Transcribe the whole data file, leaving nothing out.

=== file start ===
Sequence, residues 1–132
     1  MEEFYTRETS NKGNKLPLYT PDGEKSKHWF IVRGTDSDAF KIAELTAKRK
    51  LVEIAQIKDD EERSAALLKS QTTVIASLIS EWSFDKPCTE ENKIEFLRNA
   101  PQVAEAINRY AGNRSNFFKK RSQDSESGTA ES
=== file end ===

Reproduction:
Sequence, residues 1–132
     1  MEEFYTRETS NKGNKLPLYT PDGEKSKHWF IVRGTDSDAF KIAELTAKRK
    51  LVEIAQIKDD EERSAALLKS QTTVIASLIS EWSFDKPCTE ENKIEFLRNA
   101  PQVAEAINRY AGNRSNFFKK RSQDSESGTA ES